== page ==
Will 2015 Be Sonny Gray’s Breakout Campaign? It Doesn’t Look Likely…

by Eric Stashin (aka The Rotoprofessor)

When you look at the numbers Sonny Gray put up in his first full season in the Majors, the first thought is why would there be any concerns:

219.0 IP
14 Wins
3.08 ERA
1.19 WHIP
183 Strikeouts (7.52 K/9)
74 Walks (3.04 BB/9)
55.9% Groundball Rate
.277 BABIP

It would appear like all the skills are there. The strikeouts certainly don’t blow you away, but when coupled with solid control and groundball stuff it all comes together nicely. However, could there be reason for skepticism? Let’s take a look:

For one thing, as we said, the strikeouts simply aren’t impressive and may not have the upside. As it is they regressed as the season went on (7.73 to 7.23) and his 8.7% SwStr% and 29.3% O-Swing% are both below average. Throw in a 7.30 mark in the minors and there’s little to get excited about. Read more

Was Josh Harrison’s 2014 Breakout For Real?

by Eric Stashin (aka The Rotoprofessor)

There was no real reason to pay much attention to Josh Harrison heading into 2014. It looked like he was going to be nothing more than a utility player, and one with a limited upside. However he quickly forced his way into the lineup, ultimately assuming full-time duties at third base, and proved himself fantasy relevant in all formats:

520 At Bats
.315 Batting Average (164 Hits)
13 Home Runs
52 RBI
77 Runs
18 Stolen Bases
.347 On Base Percentage
.490 Slugging Percentage
.353 Batting Average on Balls in Play

With Pedro Alvarez set to man first base this season, playing time doesn’t appear to be an issue heading into 2015. Can he match that type of production, however? Let’s take a look and see. Read more

Buy ‘Em or Deny ‘Em: Will Brett Anderson’s Skills Do More Than Just Taunt Us In 2015?

by Eric Stashin (aka The Rotoprofessor)

The Dodgers helped to fill out their rotation by signing the oft injured Brett Anderson to a $10 million, one-year contract (with incentives that could take it even higher). The first thought, likely, is why would the Dodgers hand him so much money? The truth is that, if he can finally stay healthy, Anderson has the makeup to be a Top 25 starting pitcher.

The biggest question is going to be health. Over the past three seasons in the Majors he’s thrown 35.0, 44.2 and 43.1 innings. Only twice has he thrown more than 100 innings and only once over 112.1 (he threw 175.1 back in 2009).  It speaks volumes to his skillset, though, that someone like Andrew Friedman was willing to throw that much money his way.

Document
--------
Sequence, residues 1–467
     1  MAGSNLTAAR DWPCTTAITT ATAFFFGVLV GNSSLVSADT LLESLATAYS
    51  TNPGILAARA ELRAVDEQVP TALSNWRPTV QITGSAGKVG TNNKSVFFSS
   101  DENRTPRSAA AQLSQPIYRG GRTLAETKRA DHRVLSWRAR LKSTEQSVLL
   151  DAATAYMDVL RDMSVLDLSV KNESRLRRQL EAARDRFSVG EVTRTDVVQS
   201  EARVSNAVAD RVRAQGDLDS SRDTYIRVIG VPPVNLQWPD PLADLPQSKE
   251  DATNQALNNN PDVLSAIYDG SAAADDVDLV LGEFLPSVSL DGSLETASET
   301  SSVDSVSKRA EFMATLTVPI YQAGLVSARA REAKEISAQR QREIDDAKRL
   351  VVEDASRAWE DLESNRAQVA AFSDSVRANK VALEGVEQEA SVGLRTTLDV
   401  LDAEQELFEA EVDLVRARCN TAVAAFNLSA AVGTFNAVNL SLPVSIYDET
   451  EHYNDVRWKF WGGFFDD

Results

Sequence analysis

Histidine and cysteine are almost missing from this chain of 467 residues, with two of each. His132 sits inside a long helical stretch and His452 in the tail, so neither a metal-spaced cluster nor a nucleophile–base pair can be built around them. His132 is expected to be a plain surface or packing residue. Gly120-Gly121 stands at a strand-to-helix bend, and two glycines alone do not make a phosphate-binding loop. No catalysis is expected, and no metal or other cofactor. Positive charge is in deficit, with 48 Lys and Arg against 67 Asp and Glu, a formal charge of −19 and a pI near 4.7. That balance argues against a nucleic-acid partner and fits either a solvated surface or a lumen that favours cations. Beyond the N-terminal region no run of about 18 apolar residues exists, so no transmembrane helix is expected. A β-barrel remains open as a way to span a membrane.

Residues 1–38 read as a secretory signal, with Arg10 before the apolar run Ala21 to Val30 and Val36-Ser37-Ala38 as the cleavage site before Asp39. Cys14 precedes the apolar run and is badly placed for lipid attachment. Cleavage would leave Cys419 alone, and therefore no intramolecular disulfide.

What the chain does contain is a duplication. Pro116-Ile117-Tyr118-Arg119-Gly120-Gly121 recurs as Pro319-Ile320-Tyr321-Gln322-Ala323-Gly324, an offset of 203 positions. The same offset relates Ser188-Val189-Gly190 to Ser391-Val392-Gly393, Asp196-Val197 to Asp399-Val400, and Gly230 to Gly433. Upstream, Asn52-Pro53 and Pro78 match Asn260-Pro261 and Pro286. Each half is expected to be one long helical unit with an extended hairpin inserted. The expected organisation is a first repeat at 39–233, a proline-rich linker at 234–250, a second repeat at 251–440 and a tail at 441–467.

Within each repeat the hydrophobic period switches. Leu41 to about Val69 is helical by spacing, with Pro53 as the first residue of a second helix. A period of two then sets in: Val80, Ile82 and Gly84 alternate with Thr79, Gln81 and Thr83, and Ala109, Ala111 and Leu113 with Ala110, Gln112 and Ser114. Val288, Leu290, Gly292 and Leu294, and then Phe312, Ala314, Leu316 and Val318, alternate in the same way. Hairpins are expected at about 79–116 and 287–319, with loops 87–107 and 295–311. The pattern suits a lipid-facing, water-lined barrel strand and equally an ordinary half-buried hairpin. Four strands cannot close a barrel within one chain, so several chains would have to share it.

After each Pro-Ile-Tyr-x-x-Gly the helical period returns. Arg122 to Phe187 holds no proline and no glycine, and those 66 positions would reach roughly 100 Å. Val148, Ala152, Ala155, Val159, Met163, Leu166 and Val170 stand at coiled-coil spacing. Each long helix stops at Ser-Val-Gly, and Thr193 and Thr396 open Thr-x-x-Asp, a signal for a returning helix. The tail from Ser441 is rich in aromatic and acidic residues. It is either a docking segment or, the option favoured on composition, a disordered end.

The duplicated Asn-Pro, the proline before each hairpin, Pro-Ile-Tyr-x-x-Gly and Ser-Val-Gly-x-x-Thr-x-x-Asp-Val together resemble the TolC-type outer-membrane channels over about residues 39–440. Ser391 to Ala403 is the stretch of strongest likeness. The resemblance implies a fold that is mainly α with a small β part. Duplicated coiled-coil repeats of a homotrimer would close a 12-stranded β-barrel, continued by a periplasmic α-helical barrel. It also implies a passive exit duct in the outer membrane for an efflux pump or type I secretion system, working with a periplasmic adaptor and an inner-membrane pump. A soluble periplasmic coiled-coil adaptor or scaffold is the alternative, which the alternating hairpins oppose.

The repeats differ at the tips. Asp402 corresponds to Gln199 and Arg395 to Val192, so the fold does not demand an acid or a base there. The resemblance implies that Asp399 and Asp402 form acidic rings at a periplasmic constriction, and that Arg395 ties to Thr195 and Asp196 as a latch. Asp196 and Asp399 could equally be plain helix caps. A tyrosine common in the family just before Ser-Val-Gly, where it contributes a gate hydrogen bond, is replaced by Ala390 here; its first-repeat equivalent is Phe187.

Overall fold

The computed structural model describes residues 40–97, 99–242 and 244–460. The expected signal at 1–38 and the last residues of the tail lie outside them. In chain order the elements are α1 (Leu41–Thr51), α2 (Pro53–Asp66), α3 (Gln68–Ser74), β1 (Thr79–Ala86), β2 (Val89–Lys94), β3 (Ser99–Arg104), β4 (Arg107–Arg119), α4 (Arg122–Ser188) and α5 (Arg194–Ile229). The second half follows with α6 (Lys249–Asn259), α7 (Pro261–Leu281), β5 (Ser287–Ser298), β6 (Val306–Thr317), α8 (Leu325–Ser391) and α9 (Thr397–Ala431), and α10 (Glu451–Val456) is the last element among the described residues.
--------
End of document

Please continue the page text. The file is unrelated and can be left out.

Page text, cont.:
Even if he only throws 100 innings, the reward should be there. If you get more than that? You are likely to get a difference maker.

Simply put, there is no questioning the upside. He’s spent his entire career either in the American League (Oakland) or last year with Colorado. The move to Los Angeles alone would go a long ways towards helping his value.

We can also mark off all the skills he has shown over his 494.0 innings in the Majors: Read more

Searching for Saves: Houston Astros: In A Revamped Bullpen, Who Should Close?

by Eric Stashin (aka The Rotoprofessor)

Unable to find stability in their bullpen, the Astros made a splash around the Winter Meetings as they signed both Luke Gregerson and Pat Neshek. Will one of the new faces be handed the closer’s role? Could someone already on the roster be better suited for the job? Let’s take a look at the candidates and try to get some clarity on the situation:


Chad Qualls
The incumbent, Qualls had 19 saves in 25 opportunities for the Astros in 2014. His strikeout rate has never been his strong suit, with a 7.54 K/9 last season and a career mark of 6.92. Instead he generates groundballs, with a 57.2% mark last season, and uses control to get the job done.

Of course, does anyone truly believe he can maintain last season’s 0.88 BB/9? A regression there would definitely hurt, especially since his ERA was already 3.33. Read more

Boston’s Rebuilt Rotation: Who Brings The Most Fantasy Appeal Among Their Acquisitions?

by Eric Stashin (aka The Rotoprofessor)

It’s easy to argue that the Red Sox are still in search of an ace to sit atop their rotation, but they walked away from last week’s Winter Meetings having rebuilt 60% of their starting rotation. Let’s take a look at the three pitchers they added from a fantasy perspective and determine what their potential value is:

Rick Porcello
On the surface you would think that he was the best acquisition for the team, but in reality he’s the one that brings the most concern. After taking a significant step forward in the strikeout department in 2013 (7.22 K/9), he regressed all the way back to 5.67 mark in 2014. One problem likely was a drop in velocity:

  • 2012 – 92.0 mph
  • 2013 – 91.2 mph
  • 2014 – 90.4 mph

He also had dropped his slider usage significantly in 2013, throwing it just 6.3%, but nearly doubled that mark back up to 12.2% last season. It’s hard to say exactly what the cause was, but his SwStr% fell back toward his career norm of 7.1% (7.4% in 2014) and . Read more

Why Tanner Roark Is A Regression Waiting To Happen In 2015

by Eric Stashin (aka The Rotoprofessor)

Coming out of Spring Training many people thought Taylor Jordan would be the breakout starter for the Washington Nationals in 2014. Instead it was Tanner Roark, who posted the following line:

198.2 IP
15 Wins
2.85 ERA
1.09 WHIP
138 Strikeouts (6.25 K/9)
39 Walks (1.77 BB/9)
41.4% Groundball Rate
.270 BABIP

The question is, can we reasonably expect him to even come close to those types of numbers? The quick answer is no, and that’s why there is little chance I own him on any of my teams in 2015. Why, you ask? Let’s take a look. Read more